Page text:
There’s always a risk when amateurs try to imitate the professionals. Somebody will see a big-time athlete do something on TV and decide he can do it, too. The result isn’t always pretty, as Dizzy Dean can attest.
Dizzy (not his real name) watched the Nathan’s Famous hot dog battle between Joey Chestnut and Kobayashi, athletes who are to their sport what Federer and Nadal are to theirs. Dizzy thought he, too, could eat a bunch of dogs, and he told the friends with which he watched the hot dog duel. Dizzy announced he could eat 10 in 12 minutes.
A bet was made and money was pledged. Dizzy was to get some money if he ate five, much more if he ate all 10, provided he kept them down for 30 minutes.
The crowd gathered at 7 p.m. and filled Dizzy’s suburban Charlotte driveway. Spectators brought video cameras and beer. A banner was hung (My Daddy is a Weiner). Trash was talked. Beer was swallowed.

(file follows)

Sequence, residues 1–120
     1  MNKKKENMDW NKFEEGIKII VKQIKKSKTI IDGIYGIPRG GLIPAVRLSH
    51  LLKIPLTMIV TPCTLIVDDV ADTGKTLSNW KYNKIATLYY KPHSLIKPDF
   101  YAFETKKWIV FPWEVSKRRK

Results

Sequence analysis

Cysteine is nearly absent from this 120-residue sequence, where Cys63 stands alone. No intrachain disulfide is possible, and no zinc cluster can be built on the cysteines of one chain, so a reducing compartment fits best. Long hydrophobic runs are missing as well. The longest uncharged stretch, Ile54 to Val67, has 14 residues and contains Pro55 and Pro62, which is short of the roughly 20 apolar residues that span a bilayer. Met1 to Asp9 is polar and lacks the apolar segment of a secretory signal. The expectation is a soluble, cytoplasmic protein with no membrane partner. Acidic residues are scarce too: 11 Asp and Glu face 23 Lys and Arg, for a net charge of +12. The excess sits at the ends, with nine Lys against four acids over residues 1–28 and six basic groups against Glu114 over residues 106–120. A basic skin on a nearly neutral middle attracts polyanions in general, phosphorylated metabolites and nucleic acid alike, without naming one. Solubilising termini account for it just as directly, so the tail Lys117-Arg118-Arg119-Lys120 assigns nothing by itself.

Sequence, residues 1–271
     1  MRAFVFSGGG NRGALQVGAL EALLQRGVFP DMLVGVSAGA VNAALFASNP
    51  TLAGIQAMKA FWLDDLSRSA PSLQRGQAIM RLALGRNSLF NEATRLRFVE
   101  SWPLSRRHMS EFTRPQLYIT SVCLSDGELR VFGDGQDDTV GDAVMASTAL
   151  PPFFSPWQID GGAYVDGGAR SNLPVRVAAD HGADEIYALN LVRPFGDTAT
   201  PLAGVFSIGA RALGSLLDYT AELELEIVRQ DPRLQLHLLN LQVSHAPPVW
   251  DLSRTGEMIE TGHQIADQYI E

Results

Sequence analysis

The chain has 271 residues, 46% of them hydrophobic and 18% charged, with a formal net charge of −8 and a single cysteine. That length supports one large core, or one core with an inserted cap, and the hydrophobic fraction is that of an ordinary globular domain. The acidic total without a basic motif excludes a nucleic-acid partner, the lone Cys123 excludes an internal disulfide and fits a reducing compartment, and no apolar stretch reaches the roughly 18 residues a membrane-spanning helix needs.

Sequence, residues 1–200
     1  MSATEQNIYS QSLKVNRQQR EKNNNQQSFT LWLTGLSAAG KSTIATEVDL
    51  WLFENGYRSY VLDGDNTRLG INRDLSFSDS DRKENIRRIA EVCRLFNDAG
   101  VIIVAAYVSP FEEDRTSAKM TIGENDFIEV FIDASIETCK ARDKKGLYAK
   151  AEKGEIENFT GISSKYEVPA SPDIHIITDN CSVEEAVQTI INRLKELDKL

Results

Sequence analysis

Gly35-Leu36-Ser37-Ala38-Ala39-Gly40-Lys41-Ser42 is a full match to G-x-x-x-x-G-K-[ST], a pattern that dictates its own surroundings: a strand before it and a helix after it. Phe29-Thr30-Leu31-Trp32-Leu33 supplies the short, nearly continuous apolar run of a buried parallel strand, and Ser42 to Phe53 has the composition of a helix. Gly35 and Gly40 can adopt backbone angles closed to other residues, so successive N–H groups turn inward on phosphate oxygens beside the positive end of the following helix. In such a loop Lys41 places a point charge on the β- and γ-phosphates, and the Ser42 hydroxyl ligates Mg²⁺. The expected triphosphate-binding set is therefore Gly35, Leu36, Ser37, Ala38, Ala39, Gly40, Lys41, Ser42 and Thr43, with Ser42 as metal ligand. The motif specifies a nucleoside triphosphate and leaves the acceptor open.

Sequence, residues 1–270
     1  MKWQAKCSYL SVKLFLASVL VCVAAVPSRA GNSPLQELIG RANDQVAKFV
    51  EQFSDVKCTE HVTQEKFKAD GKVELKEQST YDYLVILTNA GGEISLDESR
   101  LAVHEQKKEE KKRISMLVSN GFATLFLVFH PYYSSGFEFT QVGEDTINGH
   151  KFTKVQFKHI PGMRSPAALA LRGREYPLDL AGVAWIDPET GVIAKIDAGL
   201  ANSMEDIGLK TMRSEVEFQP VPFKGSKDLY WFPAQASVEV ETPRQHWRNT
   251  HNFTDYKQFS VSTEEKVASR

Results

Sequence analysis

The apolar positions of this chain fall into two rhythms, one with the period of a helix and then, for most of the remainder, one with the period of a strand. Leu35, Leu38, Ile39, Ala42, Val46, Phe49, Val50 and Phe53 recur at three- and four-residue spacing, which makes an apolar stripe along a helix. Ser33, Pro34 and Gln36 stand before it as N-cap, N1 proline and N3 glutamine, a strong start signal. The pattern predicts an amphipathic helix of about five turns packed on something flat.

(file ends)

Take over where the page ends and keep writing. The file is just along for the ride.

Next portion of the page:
The timer was ready and so was Dizzy. Go!
I told onlookers that he would be fine until he reached his eighth dog. As somebody who knows what IFOCE stands for (International Federation of Competitive Eating). I was entitled to share my expertise.
Dizzy tore through the first three dogs, the first five, even six and seven. Then it happened. Time didn’t stop. Dizzy did. Even the people in the driveway who had been joking about oysters and odd food combinations to make him queasy shouted encouragement.
Now there was a minute left. There also were two dogs and three buns. Dizzy flurried, but it wasn’t enough. An inspection of his paper plate revealed one dog and a piece of at least one other dog and bits of bun.
But there was good news. He kept the food down for 30 minutes. He said he felt fine but did not expect to eat in the near future.